Potomac Nationals shortstop Rick Hague crushed a 10th-inning, walk-off double to lift the P-Nats to a dramatic, 7-6 victory over the Lynchburg Hillcats Sunday.
It marked the first win of the season for the defending Mills Cup champions and involved big plays from Eury Perez, Destin Hood, Cutter Dykstra Stephen King, Brian Peacock, Jeff Kobernus and Steven Souza.
The Rice University product from Spring, Texas, says the work the team did in Florida is showing off even this early in the season.
"Spring training went really well," Hague said. "They worked us hard but I think we all feel we are ready to get started. We are excited."
Hague was a third-round selection in 2010 and played for Team USA during the summer of 2009. He knows that with a new team he has the responsibility to step up and lead by example.
"One thing I have heard a lot from (manager Matt) Lecroy is that I need to be a real leader out there being the shortstop," Hague said. "I just need to learn to lead the guys in a good way and really take charge on and off the field."
The 6-foot-2, 190 lb., Hague grew up learning and watching former Reds shortstop Barry Larkin. Now, he likes to watch Nationals shortstop Ian Desmond and Rockies shortstop Troy Tulowitzki.
"I have always played shortstop," Hague said. "You are down the middle of the field and you are going to get some action and you are supposed to be leader out there. That position comes with the responsibility for a good defense and making some plays and I like that."
Hague said that in order for Potomac to be good again this season, it will start with how they stop their opponent right up the middle.
"Consistency in the infield will help our pitching out more than anything else," Hague said. "If they feel comfortable pitching low in the zone and getting ground balls and knowing that we are going to gobble it up and get the guys out they will be able to pitch to their game so much easier and it will be easier on all of us on defense."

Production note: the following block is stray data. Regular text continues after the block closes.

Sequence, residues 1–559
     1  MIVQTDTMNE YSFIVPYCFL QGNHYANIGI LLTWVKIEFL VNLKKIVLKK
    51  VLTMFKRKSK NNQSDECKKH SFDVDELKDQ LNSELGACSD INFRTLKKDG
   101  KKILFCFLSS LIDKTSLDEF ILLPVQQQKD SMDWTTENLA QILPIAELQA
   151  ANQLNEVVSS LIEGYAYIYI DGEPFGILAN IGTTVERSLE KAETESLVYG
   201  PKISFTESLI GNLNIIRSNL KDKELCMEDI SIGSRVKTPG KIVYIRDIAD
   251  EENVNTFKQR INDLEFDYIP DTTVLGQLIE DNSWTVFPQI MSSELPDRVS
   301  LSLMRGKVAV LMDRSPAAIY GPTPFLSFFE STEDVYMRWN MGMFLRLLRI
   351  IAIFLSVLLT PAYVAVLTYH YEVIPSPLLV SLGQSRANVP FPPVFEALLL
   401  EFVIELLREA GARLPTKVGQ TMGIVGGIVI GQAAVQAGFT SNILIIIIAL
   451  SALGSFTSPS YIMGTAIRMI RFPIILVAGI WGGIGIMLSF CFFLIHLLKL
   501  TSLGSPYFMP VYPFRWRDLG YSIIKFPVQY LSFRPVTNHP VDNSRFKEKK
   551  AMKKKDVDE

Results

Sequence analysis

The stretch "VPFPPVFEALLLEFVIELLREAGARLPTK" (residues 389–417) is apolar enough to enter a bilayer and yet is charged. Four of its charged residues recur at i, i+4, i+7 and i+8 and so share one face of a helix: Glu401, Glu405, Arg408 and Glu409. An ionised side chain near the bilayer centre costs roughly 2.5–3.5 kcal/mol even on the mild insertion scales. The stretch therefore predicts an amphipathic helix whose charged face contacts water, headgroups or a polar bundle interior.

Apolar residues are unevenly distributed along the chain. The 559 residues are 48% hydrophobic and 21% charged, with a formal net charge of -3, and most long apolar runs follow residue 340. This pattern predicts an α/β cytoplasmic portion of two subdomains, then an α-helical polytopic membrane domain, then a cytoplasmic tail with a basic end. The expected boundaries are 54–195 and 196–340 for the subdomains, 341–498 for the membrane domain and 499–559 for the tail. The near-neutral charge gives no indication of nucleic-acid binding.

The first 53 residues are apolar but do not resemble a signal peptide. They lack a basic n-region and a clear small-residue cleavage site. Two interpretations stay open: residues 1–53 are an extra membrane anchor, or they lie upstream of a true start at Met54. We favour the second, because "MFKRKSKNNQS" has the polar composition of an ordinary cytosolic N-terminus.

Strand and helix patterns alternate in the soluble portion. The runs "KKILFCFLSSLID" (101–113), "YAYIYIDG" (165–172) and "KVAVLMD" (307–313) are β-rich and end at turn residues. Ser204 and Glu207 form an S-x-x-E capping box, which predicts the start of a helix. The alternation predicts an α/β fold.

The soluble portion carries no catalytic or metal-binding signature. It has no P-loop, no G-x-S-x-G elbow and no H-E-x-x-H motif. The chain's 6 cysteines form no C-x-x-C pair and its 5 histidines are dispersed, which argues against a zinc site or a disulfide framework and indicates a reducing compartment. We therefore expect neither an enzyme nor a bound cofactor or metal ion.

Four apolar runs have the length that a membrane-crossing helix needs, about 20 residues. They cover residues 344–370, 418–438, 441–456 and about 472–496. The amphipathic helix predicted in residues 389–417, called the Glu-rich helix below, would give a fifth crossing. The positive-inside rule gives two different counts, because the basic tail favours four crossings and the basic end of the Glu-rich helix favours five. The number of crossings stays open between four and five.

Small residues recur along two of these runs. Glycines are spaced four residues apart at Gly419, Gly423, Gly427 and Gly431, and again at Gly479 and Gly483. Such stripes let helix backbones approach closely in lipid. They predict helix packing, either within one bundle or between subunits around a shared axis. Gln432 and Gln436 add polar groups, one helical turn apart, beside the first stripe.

Hague focused on building strength and endurance this off season. He came to camp focused on tightening up his swing mechanics so there was not any wasted motion.
"I tried to put in a little bit of strength and gain a little bit of speed," Hague said. "Most of all, I was just working on my swing, trying to be short to the ball. I think it is going to help me this year with letting the ball get deep and pitch recognition."
"I think the things you learn in college, living on your own help a lot. I feel like I have learned so much about baseball, though, since I arrived with the Nationals."
Hague talked about what he is looking to do each time he steps into the batter's box.
"Most of all I got to get a pitch that I can hit," Hague said. "I think sometimes I get little bit too aggressive and chase out of the zone. So, waiting for a good pitch that I can drive and take right back at them."
Hague says Potomac features another young team this year but he says that does not temper the expectations the organization has for the new squad.
"(We have) a lot of youth but with all these guys there names come with talent," Hague said. "They are expecting a lot out of us and we hope that we can show all of our talent on the field."